We have a reciprocal arrangement with Effingham Bridge Club whereby, members can play (Duplicate) on Friday evenings, at South Bookham Space, Dorking Road, Great Bookham, Surrey, KT23 4PB at 7.30.p.m. Table money only £2.50 per session.
California legislators passed a bill this month that requires major companies based in the state to put female directors on their boards. If the bill is signed into law by Gov. Jerry Brown, a Democrat, publicly traded companies based in the state will need to have at least one woman on their boards by the end of next year and, on boards of five or more directors, two or three women by the end of 2021, depending on the board’s size. Those that don’t would face financial penalties.
“One-fourth of California’s publicly traded companies still do not have a single woman on their board, despite numerous independent studies that show companies with women on their board are more profitable and productive,” said state Sen. Hannah-Beth Jackson, a Democrat representing Santa Barbara. “With women comprising over half the population and making over 70% of purchasing decisions, their insight is critical to discussions and decisions that affect corporate culture, actions and profitability.” Opponents of the mandate, led by California’s Chamber of Commerce, argued that while they agree with the legislation’s intent, a quota based solely on gender takes into account only one element of diversity and would violate the U.S. and California constitutions because it could conceivably put companies in the position of turning down a male board candidate or displacing a male board member based on his sex.
California State Sen. Hannah-Beth Jackson, a Democrat, says women’s insight ‘is critical to discussions and decisions that affect corporate culture, actions and profitability.’
Countries including France, Germany and Italy have enacted more stringent mandates for women on corporate boards in recent years. In the U.S., even some staunch advocates of boosting the numbers of female directors have been reluctant to endorse board quotas. Among firms in the Russell 3000 Index, which includes most public companies on major U.S. stock exchanges, 485, or 17%, had all-male boards in the second quarter, according to Equilar, a research firm that gathers data on executives and boards. California is home to 86 companies in the Russell 3000 that don’t have any women on their boards, including shoe-maker Skechers USA Inc., entertainment technology firm TiVo Corp. and Stamps.com Inc., which sells printable postage. Many large corporations based in California, including Chevron Corp, Netflix Inc. and Alphabet Inc. —the parent company of Google and YouTube—already have multiple female directors. Though the proposed law immediately affects a limited number of companies, its passage would put further pressure on Silicon Valley’s startups to bring gender diversification to their boards before going public.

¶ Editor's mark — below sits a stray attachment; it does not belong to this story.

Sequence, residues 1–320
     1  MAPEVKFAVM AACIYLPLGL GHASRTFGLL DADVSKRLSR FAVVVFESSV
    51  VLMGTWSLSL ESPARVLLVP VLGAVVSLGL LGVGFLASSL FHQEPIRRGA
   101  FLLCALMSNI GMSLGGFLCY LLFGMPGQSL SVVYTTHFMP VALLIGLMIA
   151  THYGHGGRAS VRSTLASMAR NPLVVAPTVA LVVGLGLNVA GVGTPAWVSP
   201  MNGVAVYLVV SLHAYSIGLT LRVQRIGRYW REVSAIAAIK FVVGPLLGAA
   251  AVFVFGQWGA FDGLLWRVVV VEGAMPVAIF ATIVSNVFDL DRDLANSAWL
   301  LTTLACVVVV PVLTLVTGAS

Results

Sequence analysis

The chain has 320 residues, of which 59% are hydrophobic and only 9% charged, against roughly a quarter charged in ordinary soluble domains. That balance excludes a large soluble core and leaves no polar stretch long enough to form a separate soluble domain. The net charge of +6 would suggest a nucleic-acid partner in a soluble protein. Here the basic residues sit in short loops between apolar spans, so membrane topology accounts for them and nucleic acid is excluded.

More women are joining boards, spurred in part by pressure from investors. Despite the increase, the overall share of women on boards has ticked up only slightly, to 17.7% in the second quarter from 16.2% in the year-earlier period. Board recruiters say the lack of turnover is slowing change. The average director at an S&P 500 company stays on more than eight years and the majority of boards have no term limits, according to Spencer Stuart, an executive recruitment firm.
By contrast, the number of women on big-company boards in Italy, Germany and several other European nations has tripled and, in some cases, quadrupled in recent years as mandates have forced corporations to boost the share of female directors to as much as 40%. In the U.S., some diversity advocates have cautioned that legal mandates could undercut more organic, economics-driven efforts to spur change. Rakhi Kumar, a senior managing director at State Street who oversees its board-diversity efforts, has said that on average, large European companies continue to have fewer women in senior executive roles than their U.S. counterparts. All public companies are required to have a board of directors that represents shareholders and oversees company management.
There seemed to be plenty of diversity among those who turned up at the Oxshott Bridge Club last night to contest our regular Club Night, although both Players in the Top Pairing were both Gentlemen Members!!?? You can read all about the evening's play in the Report by clicking on the "Competitions" tab in the Menu to the left of this box. Alternatively you can study the full Leaderboard and the individual Travellers by clicking on the "Calendar & Past Results" and again on "Wed 12 Sep".
President: Alan Hammond